South Africa punished as finance ministry plays musical chairs

Musical chairsAn emerging market strategist has advised investors to hold underweight positions in South African equities following a tumultuous week in which the country had three different finance ministers.

The rand fell to a record low against the dollar after President Jacob Zuma sacked Nhanhla Nene, finance minister since 2014, and replaced him with the inexperienced David van Rooyen.

There were also sell-offs in South African equities and bonds in the four days before Zuma performed a u-turn and replaced Rooyen with Pravin Gordhan, who served as finance minister between 2009 and 2014.

Although analysts have generally deemed the return of Gordhan as sensible, some fund managers say the damage to investor sentiment is irreversible.

“Investors have lost confidence and are selling,” says Heinz Ruettimann, strategy research analyst emerging markets at Swiss private bank Julius Baer. “The macroeconomic backdrop is negative and the equity market too expensive. Remain underweight South African equities.”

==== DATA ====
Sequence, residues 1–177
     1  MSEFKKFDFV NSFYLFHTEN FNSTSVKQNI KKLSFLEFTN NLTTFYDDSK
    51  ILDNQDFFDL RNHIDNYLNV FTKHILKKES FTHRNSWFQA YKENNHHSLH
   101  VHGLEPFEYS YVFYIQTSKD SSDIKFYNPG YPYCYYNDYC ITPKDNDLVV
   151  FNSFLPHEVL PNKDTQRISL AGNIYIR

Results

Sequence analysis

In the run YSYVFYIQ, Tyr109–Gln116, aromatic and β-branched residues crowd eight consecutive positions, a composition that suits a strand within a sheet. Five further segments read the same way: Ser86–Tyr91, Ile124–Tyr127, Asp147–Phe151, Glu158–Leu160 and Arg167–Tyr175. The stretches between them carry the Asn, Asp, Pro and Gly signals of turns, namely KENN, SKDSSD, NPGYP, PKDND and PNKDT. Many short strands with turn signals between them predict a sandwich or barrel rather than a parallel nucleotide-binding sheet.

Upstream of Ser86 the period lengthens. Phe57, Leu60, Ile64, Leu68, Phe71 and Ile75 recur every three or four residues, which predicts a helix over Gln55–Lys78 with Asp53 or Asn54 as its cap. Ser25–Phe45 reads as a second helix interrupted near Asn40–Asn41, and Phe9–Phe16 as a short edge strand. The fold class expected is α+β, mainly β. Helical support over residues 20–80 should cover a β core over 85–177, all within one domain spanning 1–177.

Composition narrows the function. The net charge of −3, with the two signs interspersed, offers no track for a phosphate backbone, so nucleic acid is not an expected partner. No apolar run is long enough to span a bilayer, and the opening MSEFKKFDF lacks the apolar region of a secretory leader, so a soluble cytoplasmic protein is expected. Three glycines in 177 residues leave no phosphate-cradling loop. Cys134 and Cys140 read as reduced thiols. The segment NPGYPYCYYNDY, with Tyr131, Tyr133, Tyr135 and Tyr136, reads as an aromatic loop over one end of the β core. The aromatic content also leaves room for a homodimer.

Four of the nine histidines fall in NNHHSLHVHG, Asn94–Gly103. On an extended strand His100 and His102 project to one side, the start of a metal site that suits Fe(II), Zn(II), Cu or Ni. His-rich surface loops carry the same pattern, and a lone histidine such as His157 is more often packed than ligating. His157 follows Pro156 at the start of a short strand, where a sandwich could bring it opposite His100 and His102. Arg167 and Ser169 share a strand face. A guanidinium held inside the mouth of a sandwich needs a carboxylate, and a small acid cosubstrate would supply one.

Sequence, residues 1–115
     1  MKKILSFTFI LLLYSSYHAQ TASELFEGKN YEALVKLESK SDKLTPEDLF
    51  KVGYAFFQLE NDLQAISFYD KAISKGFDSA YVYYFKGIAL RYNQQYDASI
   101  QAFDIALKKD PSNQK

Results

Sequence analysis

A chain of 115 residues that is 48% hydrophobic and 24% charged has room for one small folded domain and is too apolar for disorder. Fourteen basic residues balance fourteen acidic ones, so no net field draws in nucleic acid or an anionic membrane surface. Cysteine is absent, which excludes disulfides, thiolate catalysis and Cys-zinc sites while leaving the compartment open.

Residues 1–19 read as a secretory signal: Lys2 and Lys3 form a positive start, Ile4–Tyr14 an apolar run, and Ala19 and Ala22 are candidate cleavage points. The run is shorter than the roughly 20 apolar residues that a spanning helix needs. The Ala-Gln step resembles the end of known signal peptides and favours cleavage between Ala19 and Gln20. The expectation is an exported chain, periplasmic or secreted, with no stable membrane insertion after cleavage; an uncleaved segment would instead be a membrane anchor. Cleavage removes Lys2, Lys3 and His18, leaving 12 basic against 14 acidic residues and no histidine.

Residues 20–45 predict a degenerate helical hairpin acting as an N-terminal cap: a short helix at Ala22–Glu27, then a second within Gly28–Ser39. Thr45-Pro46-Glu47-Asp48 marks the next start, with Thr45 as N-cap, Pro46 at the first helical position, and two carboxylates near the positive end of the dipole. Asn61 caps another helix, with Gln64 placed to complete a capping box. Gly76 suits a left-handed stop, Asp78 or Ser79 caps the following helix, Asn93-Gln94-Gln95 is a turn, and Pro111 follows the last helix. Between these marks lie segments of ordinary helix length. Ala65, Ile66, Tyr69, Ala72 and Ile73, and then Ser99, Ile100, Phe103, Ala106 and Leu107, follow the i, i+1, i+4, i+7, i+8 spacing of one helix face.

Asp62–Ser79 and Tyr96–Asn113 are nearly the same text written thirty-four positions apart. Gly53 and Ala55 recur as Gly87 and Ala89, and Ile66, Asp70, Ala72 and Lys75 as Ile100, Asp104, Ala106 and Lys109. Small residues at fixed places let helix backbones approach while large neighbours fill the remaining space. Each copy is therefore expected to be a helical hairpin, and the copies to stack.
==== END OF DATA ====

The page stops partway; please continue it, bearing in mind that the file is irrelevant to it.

The game of musical chairs at the finance ministry came after ratings agencies downgraded South Africa’s sovereign rating. Economic growth in South Africa is currently running at about 1% with a current account deficit of more than 4%. “Under Zuma’s government South Africa has not taken the necessary steps to reform the country,” says Ruettimann.

©2015 funds global mena

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